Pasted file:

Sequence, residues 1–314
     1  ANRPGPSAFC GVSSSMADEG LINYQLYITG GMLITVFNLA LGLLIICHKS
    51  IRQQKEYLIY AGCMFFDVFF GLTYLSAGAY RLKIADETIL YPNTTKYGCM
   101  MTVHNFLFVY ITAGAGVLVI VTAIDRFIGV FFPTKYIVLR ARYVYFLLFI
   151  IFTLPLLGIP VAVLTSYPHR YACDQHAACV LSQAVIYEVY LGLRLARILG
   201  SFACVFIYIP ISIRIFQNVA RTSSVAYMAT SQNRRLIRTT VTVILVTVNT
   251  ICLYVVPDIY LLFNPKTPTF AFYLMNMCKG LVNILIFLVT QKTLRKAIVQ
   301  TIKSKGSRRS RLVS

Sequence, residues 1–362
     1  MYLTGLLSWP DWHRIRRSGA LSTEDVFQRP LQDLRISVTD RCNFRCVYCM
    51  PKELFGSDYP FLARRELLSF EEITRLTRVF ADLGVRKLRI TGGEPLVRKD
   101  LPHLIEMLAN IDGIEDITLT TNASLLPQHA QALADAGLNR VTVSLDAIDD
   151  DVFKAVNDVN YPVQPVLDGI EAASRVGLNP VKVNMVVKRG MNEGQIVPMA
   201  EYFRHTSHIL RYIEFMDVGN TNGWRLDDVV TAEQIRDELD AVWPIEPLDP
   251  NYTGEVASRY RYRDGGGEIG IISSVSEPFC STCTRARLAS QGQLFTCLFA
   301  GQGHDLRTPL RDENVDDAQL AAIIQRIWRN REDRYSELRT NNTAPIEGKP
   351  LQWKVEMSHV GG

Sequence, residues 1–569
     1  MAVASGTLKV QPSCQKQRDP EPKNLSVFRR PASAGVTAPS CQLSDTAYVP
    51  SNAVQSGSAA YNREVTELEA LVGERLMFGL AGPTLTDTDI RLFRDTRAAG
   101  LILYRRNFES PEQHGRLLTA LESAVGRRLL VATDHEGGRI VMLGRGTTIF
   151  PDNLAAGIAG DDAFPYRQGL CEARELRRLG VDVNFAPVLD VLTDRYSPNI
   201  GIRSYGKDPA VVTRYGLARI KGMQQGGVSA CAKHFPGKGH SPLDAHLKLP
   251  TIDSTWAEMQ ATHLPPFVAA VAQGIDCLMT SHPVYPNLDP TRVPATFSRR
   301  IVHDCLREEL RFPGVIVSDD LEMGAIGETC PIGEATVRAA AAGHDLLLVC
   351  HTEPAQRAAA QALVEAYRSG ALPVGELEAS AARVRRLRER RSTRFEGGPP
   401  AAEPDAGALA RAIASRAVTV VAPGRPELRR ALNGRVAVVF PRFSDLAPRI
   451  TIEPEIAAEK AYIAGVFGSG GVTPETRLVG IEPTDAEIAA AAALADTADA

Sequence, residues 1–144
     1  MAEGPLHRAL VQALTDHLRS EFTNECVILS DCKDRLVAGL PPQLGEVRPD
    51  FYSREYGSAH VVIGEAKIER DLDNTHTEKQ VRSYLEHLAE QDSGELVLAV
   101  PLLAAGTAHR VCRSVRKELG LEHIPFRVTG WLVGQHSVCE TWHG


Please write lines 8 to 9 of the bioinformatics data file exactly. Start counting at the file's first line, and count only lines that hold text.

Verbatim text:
   301  TIKSKGSRRS RLVS

Sequence, residues 1–362